• Send page
  • Print page

Working for the ICRC: a wide range of profiles and missions

01-01-2009

ICRC policy on human resources, and information useful for future employees

In the service of humanitarian action

 

In the service of humanitarian action 
 


Ref. CD-E-00064 
 

In order to discharge the humanitarian mission conferred on it by the international community, the ICRC needs to be able to count on a first-rate staff: its activities are carried out by over 12,000 staff members working in one of 80 delegations and missions worldwide..

That impressive human resource figure makes the ICRC one of the biggest emergency humanitarian organizations working in areas of armed conflict and violence today. ICRC staff members have widely varying responsibilities and tasks, depending on their function and the context in which they work. They strive to provide protection and assistance to the victims of conflicts: the wounded, prisoners, the families of missing persons, displaced persons, threatened civilian populations, etc.

 ICRC personnel in 2009  

    

 12,184 staff members in more than 80 countries
 
Expatriates: 1,453 people
 
Men: 56% ; Women: 44%  
 
Over 100
different nationalities
 
Delegation employees: 9,908 people
 
823
staff at headquarters in Geneva



A demanding job

 

A demanding job 
 

ICRC personnel perform a difficult and demanding job. They must endeavour to act efficiently and professionally, in contexts in which violence and suffering are rife: countries stricken by war and the devastation it leaves in its wake, post-conflict situations in which society is still nursing the scars of the fighting.

ICRC staff members work in sensitive, tense and sometimes dangerous situations, and in a wide range of settings, from government offices to the rudimentary facilities of camps for displaced persons. They move without pause from distributions of food rations to high-level negotiations with the military authorities. They are in constant contact with people of all kinds: the powerful and the powerless, the victims and their aggressors, diplomats and humanitarian volunteers.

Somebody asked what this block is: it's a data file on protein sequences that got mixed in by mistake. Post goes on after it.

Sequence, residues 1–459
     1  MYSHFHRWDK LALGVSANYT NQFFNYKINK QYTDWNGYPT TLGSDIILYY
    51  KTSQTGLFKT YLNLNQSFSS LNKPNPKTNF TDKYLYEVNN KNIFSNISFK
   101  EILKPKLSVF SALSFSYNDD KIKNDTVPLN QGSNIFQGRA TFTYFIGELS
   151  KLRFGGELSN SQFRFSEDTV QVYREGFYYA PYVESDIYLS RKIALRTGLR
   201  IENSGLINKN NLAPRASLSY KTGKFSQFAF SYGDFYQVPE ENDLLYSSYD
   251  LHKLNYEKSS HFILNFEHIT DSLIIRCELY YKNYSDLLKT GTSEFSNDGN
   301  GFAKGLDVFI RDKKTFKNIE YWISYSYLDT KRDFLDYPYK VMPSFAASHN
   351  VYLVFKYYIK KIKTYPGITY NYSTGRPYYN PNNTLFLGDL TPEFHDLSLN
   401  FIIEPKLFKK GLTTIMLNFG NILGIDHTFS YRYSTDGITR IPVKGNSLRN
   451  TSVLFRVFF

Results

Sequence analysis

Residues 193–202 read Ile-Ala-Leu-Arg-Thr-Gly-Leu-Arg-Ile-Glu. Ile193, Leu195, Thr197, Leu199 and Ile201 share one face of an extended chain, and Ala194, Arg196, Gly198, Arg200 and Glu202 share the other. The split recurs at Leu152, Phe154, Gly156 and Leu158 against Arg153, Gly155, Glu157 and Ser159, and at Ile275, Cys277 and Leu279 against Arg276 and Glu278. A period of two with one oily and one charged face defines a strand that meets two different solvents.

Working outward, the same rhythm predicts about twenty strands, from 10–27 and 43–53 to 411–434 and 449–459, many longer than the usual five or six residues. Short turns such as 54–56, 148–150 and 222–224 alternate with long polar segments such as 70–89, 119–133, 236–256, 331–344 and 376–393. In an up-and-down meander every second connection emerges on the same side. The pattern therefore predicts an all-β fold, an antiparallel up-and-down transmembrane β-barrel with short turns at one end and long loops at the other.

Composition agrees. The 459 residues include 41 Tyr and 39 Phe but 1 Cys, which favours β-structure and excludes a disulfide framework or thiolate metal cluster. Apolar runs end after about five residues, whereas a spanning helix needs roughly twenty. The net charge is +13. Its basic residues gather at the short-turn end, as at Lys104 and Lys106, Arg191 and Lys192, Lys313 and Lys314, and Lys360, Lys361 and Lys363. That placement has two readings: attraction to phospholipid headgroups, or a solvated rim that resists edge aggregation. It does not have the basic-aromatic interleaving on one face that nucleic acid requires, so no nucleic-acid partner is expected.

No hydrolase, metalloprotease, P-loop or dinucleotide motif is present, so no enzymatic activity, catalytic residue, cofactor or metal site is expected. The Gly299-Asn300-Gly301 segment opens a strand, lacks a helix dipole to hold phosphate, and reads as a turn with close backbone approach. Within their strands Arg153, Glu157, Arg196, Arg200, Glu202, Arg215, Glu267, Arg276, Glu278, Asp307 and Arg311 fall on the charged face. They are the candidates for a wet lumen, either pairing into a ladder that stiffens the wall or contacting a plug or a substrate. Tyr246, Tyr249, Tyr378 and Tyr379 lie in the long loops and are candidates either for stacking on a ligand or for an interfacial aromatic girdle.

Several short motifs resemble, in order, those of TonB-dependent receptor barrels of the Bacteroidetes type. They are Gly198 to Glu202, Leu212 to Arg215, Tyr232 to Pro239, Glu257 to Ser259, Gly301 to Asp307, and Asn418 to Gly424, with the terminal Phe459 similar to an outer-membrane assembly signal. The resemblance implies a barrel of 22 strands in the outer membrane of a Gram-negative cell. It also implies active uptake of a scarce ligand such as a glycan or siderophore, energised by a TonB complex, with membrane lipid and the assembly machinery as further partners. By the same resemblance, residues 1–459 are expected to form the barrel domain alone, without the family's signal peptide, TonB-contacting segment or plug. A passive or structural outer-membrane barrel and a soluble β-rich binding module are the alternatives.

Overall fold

The job requires human qualities that at first glance appear contradictory: ICRC staff must be tenacious yet flexible, creative but methodical, at one and the same time curious and discreet, sensitive but able to control their emotions. The job allows them to make a profound personnel commitment. It affords a unique human experience, enabling staff to make a direct contribution to humanitarian action by exercising a profession that is based on knowledge and experience and is constantly being reshaped by events.

 In the field  

In the field, staff work from a delegation , which is the ICRC's office and its operational arm in the country. The delegation's significance and size vary from one context to another, depending on the scope of the conflict and the activities it conducts.

Each delegation has a head of delegation, who coordinates all activities and contacts in the country. The head of delegation stays in touch with ICRC headquarters and with the ICRC's other offices in the country (the sub delegations). Day-to-day operations and any problems encountered are discussed and dealt with in the delegation, in close liaison with Geneva.

    

 At headquarters  

The role of headquarters is to provide support for activities in the field and expertise in a variety of areas. Headquarters obtains the political support required for ICRC action from international players.

Several hundred people work at headquarters. They are, with few exceptions, experienced staff who are familiar with conflict situations and the ICRCÕs activities. They have been on at least three to five field missions and have already shouldered major responsibilities or have specific skills.